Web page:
Think your blood pressure is low enough?
You might want to check again.
Researchers now say that lowering the top number of a person’s blood pressure ratio from 140 to 120 significantly reduces the risk of heart disease and strokes.
The recommendations were announced today at an American Heart Association meeting in Florida and published simultaneously in the New England Journal of Medicine.
“The implementation of [the] recommendations could have a profound impact on how blood pressure is treated in this country,” said senior study author Paul Muntner, Ph.D., a professor of epidemiology at the University of Alabama, in a press release. “Even more important, is its potential for greatly reducing the incidence of cardiovascular disease.”
Study Produced Quick Results
The researchers were a team assembled from the University of Utah, University of Alabama at Birmingham, and Columbia University.
The scientists analyzed data from 16,260 participants in the National Health and Nutrition Examination Survey between 2007 and 2012.
They focused on participants over the age of 50 with high blood pressure. Those participants also had one other risk factor for heart disease, such as high cholesterol or smoking.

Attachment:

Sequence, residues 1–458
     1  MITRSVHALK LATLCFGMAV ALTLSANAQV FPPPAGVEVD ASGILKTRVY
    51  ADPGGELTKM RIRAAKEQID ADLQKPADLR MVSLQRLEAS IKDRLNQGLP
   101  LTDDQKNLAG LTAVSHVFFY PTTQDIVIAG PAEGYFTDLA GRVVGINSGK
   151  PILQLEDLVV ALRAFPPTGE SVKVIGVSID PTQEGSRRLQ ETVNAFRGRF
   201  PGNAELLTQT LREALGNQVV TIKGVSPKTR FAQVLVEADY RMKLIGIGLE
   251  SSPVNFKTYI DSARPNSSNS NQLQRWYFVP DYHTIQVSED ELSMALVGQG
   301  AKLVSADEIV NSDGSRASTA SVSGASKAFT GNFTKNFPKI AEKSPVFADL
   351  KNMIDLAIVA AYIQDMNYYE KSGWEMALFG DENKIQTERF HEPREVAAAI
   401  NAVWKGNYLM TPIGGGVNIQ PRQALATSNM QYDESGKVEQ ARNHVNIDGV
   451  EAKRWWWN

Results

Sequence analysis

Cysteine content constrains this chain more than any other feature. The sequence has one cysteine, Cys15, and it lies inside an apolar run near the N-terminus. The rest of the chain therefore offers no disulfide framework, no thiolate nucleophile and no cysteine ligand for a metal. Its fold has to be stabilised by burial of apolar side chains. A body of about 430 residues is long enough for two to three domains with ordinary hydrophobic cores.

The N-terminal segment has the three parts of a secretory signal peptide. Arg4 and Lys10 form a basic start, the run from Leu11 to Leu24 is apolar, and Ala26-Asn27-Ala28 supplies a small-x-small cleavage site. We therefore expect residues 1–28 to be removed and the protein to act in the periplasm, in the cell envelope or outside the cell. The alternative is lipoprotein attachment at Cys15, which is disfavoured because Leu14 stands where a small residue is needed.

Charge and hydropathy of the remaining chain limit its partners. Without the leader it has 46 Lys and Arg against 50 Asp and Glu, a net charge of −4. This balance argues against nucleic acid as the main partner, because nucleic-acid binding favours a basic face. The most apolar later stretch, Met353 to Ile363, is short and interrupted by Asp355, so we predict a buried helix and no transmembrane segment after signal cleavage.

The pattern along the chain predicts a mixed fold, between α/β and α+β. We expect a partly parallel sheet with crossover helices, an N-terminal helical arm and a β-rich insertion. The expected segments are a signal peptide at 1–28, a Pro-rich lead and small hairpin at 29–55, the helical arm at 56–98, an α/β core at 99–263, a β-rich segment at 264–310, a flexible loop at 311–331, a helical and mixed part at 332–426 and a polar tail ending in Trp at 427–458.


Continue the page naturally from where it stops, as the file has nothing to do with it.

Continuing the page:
The study subjects were followed for an average of 3.2 years.
The study was supposed to continue until 2017, but researchers abruptly halted it during the summer, saying they had already achieved some remarkable results.
Of the 9,361 participants with hypertension, researchers said there were 27 percent fewer deaths among the group with a blood pressure reading of 120 millimeters of mercury (mm Hg) compared to the group with readings over 140 mm Hg.
There were also 38 percent fewer cases of heart failure among patients with a systolic pressure target of 120.
What the Lower Numbers Could Mean
The researchers said almost 17 million people in the United States could be affected if the new recommendations are put into effect.
Most of those would be people with blood pressure readings between 120 and 140 who would be told they need to reduce their “top number” even more, in some cases with medication.
The researchers did note some “adverse events” in people from the group that were given intensive treatment to lower their blood pressure reading to 120.
Those side effects included hypotension, electrolyte abnormalities, and kidney problems. Almost 5 percent of the participants in the intense treatment group suffered from these adverse effects while 2.5 percent of the standard treatment group experienced these ailments.
Researchers said it’s uncertain what the recommendations would mean for people under the age of 50 or those over 50 with no cardiovascular risk factors other than high blood pressure.
However, they think lower blood pressure could save lives across the board.